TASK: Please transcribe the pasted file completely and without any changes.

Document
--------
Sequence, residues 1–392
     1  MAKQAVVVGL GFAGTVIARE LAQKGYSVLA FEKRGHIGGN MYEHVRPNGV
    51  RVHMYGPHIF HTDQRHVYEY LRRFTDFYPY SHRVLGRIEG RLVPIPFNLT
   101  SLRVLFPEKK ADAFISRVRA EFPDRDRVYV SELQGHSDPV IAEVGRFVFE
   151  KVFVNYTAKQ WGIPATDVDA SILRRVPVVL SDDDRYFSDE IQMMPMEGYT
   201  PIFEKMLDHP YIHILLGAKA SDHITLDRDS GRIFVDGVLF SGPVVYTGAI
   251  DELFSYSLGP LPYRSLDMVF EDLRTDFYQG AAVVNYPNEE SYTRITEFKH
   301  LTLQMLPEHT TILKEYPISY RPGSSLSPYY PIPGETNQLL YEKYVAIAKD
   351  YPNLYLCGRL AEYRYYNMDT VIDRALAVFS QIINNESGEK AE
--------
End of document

Sequence, residues 1–392
     1  MAKQAVVVGL GFAGTVIARE LAQKGYSVLA FEKRGHIGGN MYEHVRPNGV
    51  RVHMYGPHIF HTDQRHVYEY LRRFTDFYPY SHRVLGRIEG RLVPIPFNLT
   101  SLRVLFPEKK ADAFISRVRA EFPDRDRVYV SELQGHSDPV IAEVGRFVFE
   151  KVFVNYTAKQ WGIPATDVDA SILRRVPVVL SDDDRYFSDE IQMMPMEGYT
   201  PIFEKMLDHP YIHILLGAKA SDHITLDRDS GRIFVDGVLF SGPVVYTGAI
   251  DELFSYSLGP LPYRSLDMVF EDLRTDFYQG AAVVNYPNEE SYTRITEFKH
   301  LTLQMLPEHT TILKEYPISY RPGSSLSPYY PIPGETNQLL YEKYVAIAKD
   351  YPNLYLCGRL AEYRYYNMDT VIDRALAVFS QIINNESGEK AE